Though life goes on at The Whiskers’ Syndicate, it’s not quite the same. There was that blank spot from Donna, and then there’s another spot from Hero, both spots quite close.
If anyone express it the best, perhaps, it’s Cheza. Since she went home with us, Donna had been her surrogate mother; the figure that is always there. For a while she settled down to a new home, a new family, learning a new love, moving on a new life.
Just because her smallness wasn’t quite ready for another burden, Hero was there when Donna departed. She is not really a mother figure, but a sibling she can roll with, sleep with, play with, eat with. Someone she would expect to wake up to, someone she would rush to see after wandering around the house and got back “home” to the small bed that was practically her world.
When Hero never came home, she sat there, on the blank spot, waiting. And waiting, and asking and waiting, and looking around.
I feel her. I feel the same.
It takes a little bit of more effort to keep the balance when a part of you were missing. Such as, focusing where you are walking to, watching where you are going, knowing what you eat, and where did the last time you put down your house keys. Even if you automatically hang it by the door you might end up put it somewhere completely different, for example, in the fridge.
To prevent myself becoming a roadkill because I wasn’t paying attention when I cross the road, or bumped into a moving car because I strayed too far to the center of the street, I took motorbike taxi. So it’s not about seven kilos of Tuna getting heavy.
A guy next in line came over and asked me where I want to go; the other was watching my legs. I was wearing knee length bermuda shorts but I am sure it wasn’t because I look sexy.
I ignore some tickling pricks on my ankles because I am sure it’s just me.
When he was about to start his motorcycle, he swiped below her vehicle with his leg. “Huss! Huss!”
What did he try to shoo? Dust?
And then he pointed at my foot, and a small child, five or six years old, came over and swiped a tiny cat, busy using my ankles as scratching board.
Another child swiped another kitten away from the other side of the wheel.
“Oh, kitty” My face must have been changed a lot, because everyone seemed to notice.
“You like cat?” driver asked, “We have three here, our kids’ been trying to take care of them because they keep crying”
“Don’t they have mother? It seemed like they are well cared for” I doubted.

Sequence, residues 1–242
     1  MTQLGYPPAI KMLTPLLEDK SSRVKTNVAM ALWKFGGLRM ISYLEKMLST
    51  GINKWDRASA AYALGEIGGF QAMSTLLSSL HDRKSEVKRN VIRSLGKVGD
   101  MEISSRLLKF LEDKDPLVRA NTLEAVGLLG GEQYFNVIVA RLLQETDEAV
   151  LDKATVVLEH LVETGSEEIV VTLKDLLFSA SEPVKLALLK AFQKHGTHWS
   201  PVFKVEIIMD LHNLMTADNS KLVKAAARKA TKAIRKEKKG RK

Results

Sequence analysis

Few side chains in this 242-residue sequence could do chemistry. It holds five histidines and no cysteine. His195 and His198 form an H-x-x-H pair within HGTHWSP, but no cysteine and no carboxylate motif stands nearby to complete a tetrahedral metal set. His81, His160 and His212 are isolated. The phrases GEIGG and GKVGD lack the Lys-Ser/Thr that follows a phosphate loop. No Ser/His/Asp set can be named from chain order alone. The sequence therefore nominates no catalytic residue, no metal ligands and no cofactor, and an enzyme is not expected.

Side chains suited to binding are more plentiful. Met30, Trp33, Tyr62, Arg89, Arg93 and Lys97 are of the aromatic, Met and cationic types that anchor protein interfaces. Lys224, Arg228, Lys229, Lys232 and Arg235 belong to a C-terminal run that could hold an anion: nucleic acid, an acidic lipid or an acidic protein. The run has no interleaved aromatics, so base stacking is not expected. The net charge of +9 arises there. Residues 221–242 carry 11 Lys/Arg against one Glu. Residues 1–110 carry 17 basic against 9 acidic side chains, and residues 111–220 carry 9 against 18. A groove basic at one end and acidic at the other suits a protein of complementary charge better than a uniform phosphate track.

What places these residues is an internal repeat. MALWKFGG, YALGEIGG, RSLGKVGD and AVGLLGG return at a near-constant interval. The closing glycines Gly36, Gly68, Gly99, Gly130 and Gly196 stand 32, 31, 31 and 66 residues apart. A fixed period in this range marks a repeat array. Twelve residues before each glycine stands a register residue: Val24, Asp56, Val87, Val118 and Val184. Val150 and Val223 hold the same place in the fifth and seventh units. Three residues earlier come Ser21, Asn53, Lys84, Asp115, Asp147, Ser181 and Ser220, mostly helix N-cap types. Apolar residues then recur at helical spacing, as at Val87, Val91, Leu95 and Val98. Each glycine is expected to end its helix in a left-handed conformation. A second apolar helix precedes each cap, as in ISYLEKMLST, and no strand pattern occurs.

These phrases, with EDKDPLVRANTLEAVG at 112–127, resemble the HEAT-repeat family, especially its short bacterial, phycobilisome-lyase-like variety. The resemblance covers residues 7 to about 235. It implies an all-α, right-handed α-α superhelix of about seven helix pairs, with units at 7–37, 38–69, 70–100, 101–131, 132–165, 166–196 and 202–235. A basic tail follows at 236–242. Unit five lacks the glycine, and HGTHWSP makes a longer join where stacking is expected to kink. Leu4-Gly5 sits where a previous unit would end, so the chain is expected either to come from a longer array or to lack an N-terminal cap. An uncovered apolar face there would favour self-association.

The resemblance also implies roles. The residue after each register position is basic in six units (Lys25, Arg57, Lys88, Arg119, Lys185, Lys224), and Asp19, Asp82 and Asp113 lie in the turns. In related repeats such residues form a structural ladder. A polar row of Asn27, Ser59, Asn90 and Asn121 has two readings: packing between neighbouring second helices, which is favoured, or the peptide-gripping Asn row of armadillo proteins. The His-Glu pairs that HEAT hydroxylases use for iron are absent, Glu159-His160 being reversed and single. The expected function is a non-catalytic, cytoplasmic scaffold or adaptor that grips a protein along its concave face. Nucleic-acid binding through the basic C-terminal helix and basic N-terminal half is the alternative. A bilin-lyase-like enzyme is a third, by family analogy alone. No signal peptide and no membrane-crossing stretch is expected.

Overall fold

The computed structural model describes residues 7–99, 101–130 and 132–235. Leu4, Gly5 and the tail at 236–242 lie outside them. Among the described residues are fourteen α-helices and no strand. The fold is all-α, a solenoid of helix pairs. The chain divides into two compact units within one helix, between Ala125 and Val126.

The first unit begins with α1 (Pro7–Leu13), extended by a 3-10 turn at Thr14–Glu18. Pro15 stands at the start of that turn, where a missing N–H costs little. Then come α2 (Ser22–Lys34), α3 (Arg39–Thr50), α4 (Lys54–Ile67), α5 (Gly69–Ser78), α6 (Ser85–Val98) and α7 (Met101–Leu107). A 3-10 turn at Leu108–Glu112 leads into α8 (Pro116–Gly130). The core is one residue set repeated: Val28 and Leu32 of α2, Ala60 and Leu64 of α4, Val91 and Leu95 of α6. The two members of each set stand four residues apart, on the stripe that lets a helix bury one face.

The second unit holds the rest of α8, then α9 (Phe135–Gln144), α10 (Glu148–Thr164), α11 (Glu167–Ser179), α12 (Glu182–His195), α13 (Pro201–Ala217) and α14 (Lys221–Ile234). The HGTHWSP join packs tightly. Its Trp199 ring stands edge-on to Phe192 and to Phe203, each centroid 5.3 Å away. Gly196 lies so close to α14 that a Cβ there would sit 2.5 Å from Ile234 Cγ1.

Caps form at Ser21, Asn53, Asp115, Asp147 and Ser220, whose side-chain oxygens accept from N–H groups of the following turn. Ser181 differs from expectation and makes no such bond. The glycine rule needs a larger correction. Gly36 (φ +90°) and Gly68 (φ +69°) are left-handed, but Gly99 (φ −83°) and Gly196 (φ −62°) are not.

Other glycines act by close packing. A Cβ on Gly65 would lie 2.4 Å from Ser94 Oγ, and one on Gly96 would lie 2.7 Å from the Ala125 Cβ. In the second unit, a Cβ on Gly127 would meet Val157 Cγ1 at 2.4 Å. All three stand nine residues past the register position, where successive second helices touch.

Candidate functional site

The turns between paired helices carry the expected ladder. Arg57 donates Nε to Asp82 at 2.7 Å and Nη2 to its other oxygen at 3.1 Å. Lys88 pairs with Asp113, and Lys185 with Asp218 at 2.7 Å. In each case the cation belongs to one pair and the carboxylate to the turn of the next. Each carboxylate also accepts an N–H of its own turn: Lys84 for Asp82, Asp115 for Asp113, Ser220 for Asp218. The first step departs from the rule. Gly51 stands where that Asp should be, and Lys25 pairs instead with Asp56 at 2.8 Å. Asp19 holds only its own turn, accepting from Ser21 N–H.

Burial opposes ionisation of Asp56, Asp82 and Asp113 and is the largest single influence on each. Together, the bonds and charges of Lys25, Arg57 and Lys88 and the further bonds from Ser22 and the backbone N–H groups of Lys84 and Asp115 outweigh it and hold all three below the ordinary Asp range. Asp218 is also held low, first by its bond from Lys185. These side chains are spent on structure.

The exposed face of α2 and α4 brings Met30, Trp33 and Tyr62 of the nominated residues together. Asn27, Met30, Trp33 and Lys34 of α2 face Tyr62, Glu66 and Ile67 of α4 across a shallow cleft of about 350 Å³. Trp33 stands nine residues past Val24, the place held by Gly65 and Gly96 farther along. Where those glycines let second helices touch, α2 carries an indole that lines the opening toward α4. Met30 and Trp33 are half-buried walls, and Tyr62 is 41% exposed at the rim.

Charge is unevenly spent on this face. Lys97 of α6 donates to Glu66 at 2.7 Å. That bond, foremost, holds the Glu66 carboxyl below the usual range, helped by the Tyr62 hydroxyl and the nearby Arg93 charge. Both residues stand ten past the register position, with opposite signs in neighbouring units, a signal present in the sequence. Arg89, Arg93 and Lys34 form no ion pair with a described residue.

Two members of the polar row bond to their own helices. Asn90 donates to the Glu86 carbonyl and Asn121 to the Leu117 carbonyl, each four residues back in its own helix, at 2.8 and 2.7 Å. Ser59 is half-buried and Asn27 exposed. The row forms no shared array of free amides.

“They had, mom gone two days ago and they’re crying for food. We bought fish and had the kids feed them”
“They are doing a good job” I smiled
“But they are only here because it’s Sunday, and their moms’re at work and we too have to drive. When we’re off, they are going with us and the cats’ can’t come”
“They can’t stay in the taxi pool forever”, he said, “At least they can’t stay at that age”
While he was talking, more kids are joining the others, so we have a bunch of spectators.
“All right” I think, some part of my autopilot doesn’t need re-programming.
One girl, the eldest among the crowd, stepped forward and hand the kitten over. She looked just like Jim Bridges, our blind cat.
I took the crying kitten and as soon as I carry her in my arms, she fell silent. A boy came forward and hand over his kitten. It looks just like a tiny version of our Blossom.
“Where’s the other one? Kitten is going home!” the driver shouted. He mounted his bike when we had a little handing over ceremony.
The youngest of the crowd came squeezing through the spectators and handed over a yellow tuxedo.
When I turned around another driver, next in line, said “What about me? are you going to get me home with you?”
There’s a humor with sexual indecency innuendo.
I looked at him with three furballs cuddling between my breasts, and replied “Come on, just as long as you sleep in a small cage, no clothing, food twice a day, raw chicken. No bath, you lick yourself clean, and you defecate in a box of sand”
The rest of the pool laughed out loud. Children don’t understand so they just looked on.
There’s a humor with factual innuendo.
I mounted the motorbike, and suddenly one of the kids shed tears.
“Bye meng”, he waved his little hands.
Meng is how locals traditionally called cat, so instead of “kitty kitty kitty” they called “meng meng meng” and cats usually come.
The girl waved her hands too “Bye meng”
And then the whole chorus “Bye…. bye meng, bye mam… be good meng….”
I went in a drunkard and left a celebrity.
But I am happy.
Both the kittens and the children are the next in line toward the future. They are the children of small people. They are the next in life that carries both the blessing and the curse of the world, whichever they grow toward.
They are gone only for few days, but Donna and Hero had delivered the next in life into my hand.
Still I am happier for the kids. If once in a while they can show compassion toward the unfortunate, then the next (everything) in life is probably in a good hand.